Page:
“It is possible to thwart the plans of mortal men, but never those of the gods.”
–Medusa’s Head – retold by Olivia Coolidge
In reading Greek Mythology of late, I’m drawn to consider the human condition – as well as our hubris. According to the Greeks, both were inextricably linked to the gods. Our plans and happiness, our very existence, were completely at the mercy of the benevolence – or otherwise – of the deities who ruled. In turn, to fly in the face of those deities was to thwart your own chances, to ring down the curtain on your own story by purporting to be as elevated or even above the station of the gods. Although the Greek pantheon has diminished, these qualities remain ever present in our daily lives though the influences have new monikers.
Jonathan Casella joined us to talk about his recent show, Doublestar at Harper’s Gallery in Chelsea, NYC. To Casella, the title of the show sounds perhaps like an old sci-fi film, but it refers, quite literally, to the works, which depict images of double stars. As he developed the images for this show, they took on their own personalities as they became what almost resemble their own life forms. To hear more about the exhibition and other aspects of Casella’s career, listen to the complete interview.
Susan Dory discussed her recent exhibition, Spontaneous Sights, which ran until March 11 at Winston Wächter Fine Art. The title refers mostly to the way in which things come together in moments of clarity in the studio when an artist receives the knowledge they are going in the right direction – part of what keeps them going on the path they have chosen. Among other things, the idea of Indra’s Net, which, in Eastern philosophy, is a way of describing the infinite universe. To hear more, listen to the complete interview.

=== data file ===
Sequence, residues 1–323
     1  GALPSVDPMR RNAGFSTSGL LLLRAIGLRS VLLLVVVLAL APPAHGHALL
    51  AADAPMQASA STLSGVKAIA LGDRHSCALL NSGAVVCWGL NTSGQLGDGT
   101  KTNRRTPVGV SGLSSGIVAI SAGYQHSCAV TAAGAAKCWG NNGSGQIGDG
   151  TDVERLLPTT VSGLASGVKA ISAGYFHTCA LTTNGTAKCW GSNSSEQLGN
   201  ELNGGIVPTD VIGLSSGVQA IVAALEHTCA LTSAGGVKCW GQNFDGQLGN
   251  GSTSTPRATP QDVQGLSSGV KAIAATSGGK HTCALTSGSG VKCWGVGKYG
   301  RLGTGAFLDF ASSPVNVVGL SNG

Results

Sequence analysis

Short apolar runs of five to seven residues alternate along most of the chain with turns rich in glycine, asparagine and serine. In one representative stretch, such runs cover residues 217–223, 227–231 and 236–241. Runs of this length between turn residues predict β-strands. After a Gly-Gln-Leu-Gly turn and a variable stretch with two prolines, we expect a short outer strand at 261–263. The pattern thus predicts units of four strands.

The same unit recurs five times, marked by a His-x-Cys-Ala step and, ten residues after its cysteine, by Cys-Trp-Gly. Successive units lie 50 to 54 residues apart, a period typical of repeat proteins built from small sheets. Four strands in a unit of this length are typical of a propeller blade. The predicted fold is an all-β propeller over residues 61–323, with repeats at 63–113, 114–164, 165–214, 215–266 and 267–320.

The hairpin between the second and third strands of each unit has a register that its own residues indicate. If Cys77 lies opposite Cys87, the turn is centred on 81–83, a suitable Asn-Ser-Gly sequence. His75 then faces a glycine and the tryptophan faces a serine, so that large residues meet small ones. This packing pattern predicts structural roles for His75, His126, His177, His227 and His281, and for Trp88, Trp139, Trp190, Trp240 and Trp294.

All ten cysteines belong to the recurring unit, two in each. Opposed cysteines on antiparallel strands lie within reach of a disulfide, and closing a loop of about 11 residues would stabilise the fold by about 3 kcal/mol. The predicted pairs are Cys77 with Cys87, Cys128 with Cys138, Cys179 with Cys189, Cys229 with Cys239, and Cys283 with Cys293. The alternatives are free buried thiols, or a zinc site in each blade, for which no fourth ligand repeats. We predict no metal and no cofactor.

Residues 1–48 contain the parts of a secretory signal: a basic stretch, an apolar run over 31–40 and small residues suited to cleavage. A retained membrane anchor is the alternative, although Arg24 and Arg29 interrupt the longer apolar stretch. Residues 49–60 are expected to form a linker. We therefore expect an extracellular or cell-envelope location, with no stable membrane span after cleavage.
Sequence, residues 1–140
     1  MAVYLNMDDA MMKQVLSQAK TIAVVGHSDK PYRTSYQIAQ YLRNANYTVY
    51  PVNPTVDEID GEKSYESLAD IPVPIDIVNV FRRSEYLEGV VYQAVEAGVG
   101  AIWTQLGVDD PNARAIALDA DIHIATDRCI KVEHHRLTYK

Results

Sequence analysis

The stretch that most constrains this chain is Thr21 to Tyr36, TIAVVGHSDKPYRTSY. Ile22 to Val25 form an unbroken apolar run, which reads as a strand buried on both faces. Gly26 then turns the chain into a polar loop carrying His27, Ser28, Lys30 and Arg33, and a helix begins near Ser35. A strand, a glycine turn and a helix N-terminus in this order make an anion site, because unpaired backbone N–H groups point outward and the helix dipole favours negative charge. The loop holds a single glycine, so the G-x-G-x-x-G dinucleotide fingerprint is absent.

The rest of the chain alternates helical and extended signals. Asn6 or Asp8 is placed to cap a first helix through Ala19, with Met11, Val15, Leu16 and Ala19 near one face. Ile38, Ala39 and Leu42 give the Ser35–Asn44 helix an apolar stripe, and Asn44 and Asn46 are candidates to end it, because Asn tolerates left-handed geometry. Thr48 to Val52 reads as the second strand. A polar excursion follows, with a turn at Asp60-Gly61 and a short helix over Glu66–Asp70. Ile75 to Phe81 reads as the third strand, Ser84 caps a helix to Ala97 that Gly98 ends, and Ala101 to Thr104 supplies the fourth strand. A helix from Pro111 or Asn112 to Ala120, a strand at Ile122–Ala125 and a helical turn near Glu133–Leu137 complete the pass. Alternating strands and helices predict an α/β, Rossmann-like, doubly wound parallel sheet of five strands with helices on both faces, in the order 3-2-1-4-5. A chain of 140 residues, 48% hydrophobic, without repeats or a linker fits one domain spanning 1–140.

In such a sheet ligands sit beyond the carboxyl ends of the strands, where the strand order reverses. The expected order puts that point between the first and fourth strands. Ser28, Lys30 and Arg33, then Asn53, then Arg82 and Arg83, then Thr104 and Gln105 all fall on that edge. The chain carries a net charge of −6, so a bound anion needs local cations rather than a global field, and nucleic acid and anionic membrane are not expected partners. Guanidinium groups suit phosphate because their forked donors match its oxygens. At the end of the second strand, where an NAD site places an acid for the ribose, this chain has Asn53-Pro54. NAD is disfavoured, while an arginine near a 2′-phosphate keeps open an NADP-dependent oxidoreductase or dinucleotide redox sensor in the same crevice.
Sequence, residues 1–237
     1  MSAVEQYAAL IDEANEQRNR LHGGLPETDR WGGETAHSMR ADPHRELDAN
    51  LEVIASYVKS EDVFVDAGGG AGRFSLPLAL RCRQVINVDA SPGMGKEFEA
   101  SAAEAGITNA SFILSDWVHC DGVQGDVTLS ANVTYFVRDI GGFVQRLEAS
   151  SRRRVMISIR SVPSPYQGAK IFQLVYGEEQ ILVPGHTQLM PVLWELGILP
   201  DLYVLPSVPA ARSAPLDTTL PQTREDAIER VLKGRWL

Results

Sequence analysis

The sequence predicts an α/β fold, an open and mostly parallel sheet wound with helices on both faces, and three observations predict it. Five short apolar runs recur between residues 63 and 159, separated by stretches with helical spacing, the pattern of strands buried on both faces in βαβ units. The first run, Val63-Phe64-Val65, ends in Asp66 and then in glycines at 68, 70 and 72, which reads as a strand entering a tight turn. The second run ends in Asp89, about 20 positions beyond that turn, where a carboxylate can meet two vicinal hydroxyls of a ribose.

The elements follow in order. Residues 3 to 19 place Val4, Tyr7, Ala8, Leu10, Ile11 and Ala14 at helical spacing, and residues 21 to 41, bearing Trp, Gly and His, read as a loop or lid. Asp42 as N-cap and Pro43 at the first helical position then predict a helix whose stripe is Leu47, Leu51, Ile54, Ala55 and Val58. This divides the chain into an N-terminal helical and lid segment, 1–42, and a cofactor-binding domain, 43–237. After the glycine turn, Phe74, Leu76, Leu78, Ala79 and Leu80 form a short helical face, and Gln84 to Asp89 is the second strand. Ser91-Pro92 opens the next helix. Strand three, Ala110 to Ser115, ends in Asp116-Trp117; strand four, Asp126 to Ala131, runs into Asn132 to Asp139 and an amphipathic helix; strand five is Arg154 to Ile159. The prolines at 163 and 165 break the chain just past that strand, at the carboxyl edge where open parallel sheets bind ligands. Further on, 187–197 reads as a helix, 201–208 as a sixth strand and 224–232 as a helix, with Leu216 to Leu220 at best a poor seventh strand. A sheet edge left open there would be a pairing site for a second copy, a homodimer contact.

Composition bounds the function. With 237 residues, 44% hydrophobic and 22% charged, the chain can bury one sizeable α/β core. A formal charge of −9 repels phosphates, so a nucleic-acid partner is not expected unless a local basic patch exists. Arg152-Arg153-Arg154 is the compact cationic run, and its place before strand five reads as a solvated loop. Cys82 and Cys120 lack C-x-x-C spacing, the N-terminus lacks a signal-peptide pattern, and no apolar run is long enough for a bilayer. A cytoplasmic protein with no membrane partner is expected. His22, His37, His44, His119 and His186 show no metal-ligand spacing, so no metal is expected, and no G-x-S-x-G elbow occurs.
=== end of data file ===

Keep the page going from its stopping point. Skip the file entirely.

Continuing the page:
A few words to keep in your pocket
It is not the gods but ourselves that stand in our way.
Consider your place and take care not to
Interviews are available on iTunes as podcasts, and for Android, please click here. All weekly essay pieces in a shareable format are here. The full archive of interviews is here.
Books to Read
What are you reading? Add your titles to our reading list here. Susan Dory recently read Foster by Claire Keegan while Jonathan Casella recently began reading essays by Peter Halley.
Stochastic Labs, located in the San Francisco Bay Area, in their own words, “awards fully sponsored residencies to exceptional engineers, artists, scientists, and entrepreneurs from around the world. Residencies are of variable length and include a private apartment at the mansion, co-working and/or dedicated work space, shop access (laser cutter, 3D printer etc), a $1k monthly stipend and a budget for materials.” For more information, visit the website. Deadlines are rolling.
Brainard Carey is an author, artist and educator. He is the director of Praxis for Aesthetics. He has written six books for artists, most recently Making it in the Art World.